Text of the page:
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Photo by Jean Wimmerlin on Unsplash

Back in early January, I had an eye-opening experience deep out in the New Zealand bush (translation: thick forest). Unlike most of my eye-opening experiences out in the bush, which usually pertain to the wonder of nature and the incredible intricacies of it all, this one was firmly rooted in the human experience and highlighted the importance of deep story-listening.

I was tramping with my father and sister in Te Urewera, one of New Zealand’s most incredible regions of natural beauty. …


Authenticity, coming out, and the messy art of getting vulnerable

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The day I pushed send on the first draft of my TEDxChristchurch talk to the speaker coach who was assisting with crafting engaging narratives, I knew that I wasn’t 100% comfortable with the draft and that something was missing.

Telling the story of how I had discovered the world of slam poetry and its power to shift thinking and drive behaviour change, I had at one point alluded to “something crazy going on at that point in my life”, going on to say that I had learned a great deal about myself. It was completely general, giving no clues as to what had been happening, why it was crazy or what I had learned. The speaker coach emailed back within a few hours, and straight up called me out on omitting the details. …


On the importance of systems-change leaders bringing their whole selves to work.

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Photo by Toa Heftiba on Unsplash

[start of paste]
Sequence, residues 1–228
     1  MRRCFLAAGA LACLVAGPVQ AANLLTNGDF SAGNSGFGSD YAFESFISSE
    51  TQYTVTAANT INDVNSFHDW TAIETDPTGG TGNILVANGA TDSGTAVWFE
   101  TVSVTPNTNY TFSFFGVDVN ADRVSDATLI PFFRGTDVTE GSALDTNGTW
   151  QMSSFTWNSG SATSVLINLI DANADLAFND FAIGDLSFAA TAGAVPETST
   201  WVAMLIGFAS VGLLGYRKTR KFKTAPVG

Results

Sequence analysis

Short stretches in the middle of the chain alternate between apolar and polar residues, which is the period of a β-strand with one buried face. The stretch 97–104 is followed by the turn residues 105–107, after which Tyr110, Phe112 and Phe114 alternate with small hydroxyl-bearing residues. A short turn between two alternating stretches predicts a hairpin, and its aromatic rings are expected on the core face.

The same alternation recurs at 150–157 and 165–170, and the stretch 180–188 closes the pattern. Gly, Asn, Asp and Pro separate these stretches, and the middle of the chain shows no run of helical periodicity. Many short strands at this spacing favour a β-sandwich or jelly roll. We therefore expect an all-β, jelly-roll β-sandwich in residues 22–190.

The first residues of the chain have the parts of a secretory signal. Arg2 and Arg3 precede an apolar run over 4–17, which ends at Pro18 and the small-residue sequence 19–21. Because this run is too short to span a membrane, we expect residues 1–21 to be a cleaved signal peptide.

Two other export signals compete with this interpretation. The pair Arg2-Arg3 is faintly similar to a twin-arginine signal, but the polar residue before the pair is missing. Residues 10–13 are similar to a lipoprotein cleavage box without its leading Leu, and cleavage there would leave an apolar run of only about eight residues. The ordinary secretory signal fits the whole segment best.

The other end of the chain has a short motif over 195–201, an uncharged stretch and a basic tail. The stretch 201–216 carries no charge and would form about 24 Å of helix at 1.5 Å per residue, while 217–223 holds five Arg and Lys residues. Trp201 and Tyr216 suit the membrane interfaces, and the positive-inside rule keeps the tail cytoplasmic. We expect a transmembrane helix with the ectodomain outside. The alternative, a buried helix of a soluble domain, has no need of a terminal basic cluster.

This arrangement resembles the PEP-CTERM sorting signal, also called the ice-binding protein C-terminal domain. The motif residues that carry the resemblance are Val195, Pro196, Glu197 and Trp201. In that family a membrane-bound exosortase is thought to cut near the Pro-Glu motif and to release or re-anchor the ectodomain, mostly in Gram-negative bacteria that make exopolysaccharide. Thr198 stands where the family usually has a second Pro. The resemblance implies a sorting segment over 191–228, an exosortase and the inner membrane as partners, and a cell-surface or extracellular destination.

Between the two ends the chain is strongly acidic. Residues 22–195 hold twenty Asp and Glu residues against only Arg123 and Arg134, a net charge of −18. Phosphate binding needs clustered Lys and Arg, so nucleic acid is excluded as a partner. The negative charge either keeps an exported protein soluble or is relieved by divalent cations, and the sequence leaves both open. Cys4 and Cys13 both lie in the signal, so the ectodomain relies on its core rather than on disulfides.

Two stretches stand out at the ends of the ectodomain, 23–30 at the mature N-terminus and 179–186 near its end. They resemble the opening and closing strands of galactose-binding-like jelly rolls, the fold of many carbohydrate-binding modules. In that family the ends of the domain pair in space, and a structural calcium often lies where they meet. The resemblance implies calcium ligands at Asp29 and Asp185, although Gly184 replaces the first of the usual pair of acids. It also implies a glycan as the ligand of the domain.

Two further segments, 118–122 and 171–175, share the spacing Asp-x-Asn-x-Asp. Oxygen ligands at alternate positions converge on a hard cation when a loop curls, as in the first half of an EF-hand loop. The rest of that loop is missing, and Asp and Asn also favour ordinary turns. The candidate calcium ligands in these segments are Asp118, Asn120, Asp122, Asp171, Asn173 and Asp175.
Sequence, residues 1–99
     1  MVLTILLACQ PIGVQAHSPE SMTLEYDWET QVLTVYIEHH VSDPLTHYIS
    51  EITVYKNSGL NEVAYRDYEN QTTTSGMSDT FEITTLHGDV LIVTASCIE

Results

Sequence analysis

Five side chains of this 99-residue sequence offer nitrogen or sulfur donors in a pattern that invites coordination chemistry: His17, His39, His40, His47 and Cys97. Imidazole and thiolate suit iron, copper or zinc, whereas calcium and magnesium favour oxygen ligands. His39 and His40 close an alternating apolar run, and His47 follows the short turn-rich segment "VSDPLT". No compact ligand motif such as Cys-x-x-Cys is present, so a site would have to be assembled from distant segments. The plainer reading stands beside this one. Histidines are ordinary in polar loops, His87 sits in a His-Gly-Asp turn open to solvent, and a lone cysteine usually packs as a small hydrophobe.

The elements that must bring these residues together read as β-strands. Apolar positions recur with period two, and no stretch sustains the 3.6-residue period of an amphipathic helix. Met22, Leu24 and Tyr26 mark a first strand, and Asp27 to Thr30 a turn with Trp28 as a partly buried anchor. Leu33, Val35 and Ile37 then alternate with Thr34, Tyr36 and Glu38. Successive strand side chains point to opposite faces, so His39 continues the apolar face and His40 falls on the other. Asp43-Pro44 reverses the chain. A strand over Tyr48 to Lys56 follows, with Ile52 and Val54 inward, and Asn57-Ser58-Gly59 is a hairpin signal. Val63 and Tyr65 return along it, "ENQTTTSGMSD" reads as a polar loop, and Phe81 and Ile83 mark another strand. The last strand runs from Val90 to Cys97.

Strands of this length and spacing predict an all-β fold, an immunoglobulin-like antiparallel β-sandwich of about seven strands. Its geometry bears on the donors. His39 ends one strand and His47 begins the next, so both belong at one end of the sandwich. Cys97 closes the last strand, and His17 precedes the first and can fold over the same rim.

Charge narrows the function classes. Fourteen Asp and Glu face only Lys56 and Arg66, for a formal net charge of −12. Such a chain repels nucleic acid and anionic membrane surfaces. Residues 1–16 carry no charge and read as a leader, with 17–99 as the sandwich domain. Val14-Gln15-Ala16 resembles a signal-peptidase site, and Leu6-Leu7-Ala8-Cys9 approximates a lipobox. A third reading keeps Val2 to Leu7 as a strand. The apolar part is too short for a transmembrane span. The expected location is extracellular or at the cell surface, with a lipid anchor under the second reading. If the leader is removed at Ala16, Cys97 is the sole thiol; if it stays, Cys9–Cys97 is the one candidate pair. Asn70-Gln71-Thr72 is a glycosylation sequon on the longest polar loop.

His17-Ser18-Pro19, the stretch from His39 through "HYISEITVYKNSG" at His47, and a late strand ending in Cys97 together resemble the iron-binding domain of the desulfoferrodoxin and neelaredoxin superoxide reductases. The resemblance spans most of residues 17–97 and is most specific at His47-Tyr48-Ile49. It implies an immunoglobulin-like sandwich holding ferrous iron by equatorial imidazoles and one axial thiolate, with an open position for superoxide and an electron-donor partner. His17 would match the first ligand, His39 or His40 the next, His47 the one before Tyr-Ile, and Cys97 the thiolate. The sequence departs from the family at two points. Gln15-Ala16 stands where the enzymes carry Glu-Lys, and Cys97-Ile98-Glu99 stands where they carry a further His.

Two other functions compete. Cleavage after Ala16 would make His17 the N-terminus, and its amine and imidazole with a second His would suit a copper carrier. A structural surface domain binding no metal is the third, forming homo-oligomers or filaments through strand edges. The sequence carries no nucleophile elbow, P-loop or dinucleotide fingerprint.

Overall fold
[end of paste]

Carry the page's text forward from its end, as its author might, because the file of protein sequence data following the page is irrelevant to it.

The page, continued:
In many organisational settings, there is an unspoken agreement of separation between self and work. It was long assumed, in management and organisational theory, that what was going on at home or a person’s experiences outside of work, had no bearing on their ability to run a company, be a good employee, or foster a healthy team culture. Or that they shouldn’t. The occasional exception might have been telling a personal story or anecdote that was of direct relevance to a particular challenge or situation to illustrate a point or drive home a lesson.

At an organisational level, we often think that stories are nice-to-haves that happen after the “real work”. They are seen as of little consequence outside the brand and marketing department. But the reality is that organisations are made up of humans — who heavily influence the organisation — and us humans are story-driven creatures. …


How origin tracing can instil consumer confidence in regeneratively produced foods.

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Shortlands Station, Central Otago, New Zealand